- One very loose formulation of Kant’s Categorical Imperative goes like: Do what you wish everyone else would do. And by the same token: If the world would be worse off if everyone were to do what you’re considering doing, don’t do it. But it’s kind of strange to make decisions based on notions of collective action without integrating ideas about how collective action itself works (e.g. how people influence each other, how the consequences of a Kantian “maxim” change depending on the specific quantity of people living by it). I suspect that Kant and many others have written about the interaction between his Categorical Imperative and group dynamics but I haven’t read them yet.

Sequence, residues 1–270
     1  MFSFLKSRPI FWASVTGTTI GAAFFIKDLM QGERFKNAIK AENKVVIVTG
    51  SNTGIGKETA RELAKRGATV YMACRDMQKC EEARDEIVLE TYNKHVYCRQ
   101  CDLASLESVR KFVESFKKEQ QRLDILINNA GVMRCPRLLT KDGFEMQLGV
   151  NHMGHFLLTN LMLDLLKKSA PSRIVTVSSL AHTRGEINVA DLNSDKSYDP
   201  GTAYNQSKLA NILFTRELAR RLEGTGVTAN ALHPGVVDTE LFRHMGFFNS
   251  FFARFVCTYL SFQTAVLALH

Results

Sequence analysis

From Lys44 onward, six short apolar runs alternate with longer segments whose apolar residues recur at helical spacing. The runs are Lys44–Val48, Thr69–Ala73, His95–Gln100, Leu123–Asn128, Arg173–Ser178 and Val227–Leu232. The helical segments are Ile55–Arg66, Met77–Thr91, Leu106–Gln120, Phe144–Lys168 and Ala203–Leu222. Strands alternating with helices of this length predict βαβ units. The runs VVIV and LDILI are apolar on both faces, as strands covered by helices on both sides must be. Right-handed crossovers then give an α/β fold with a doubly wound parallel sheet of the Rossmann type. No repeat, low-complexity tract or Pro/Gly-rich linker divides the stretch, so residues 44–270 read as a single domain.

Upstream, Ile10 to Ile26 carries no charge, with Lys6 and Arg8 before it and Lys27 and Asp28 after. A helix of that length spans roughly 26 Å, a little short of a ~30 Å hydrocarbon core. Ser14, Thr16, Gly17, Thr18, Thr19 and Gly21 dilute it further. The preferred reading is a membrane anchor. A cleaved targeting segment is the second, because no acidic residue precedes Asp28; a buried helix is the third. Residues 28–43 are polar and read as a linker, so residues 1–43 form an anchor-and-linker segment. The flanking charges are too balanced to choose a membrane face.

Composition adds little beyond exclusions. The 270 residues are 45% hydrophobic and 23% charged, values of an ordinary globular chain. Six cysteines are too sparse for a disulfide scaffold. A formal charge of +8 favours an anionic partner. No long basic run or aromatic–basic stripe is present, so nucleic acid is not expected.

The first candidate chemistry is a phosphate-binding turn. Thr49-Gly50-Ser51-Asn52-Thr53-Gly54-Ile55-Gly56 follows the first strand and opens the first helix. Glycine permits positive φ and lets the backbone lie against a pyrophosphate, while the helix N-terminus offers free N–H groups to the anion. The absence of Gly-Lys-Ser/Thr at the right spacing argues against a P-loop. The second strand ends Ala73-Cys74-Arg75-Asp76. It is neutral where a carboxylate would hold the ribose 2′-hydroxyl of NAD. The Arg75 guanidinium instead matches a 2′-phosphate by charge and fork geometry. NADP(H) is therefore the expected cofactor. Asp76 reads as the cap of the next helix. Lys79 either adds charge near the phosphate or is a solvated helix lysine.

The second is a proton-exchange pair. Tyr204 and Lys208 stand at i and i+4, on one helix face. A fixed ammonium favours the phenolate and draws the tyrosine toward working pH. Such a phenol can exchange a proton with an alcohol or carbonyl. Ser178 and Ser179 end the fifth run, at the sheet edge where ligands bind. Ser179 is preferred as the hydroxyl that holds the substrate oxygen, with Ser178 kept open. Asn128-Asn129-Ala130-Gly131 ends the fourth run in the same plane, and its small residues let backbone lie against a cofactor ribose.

- Cases that make me consider how the Categorical Imperative interacts with group dynamics: voting for third party candidates; participating in boycotts.
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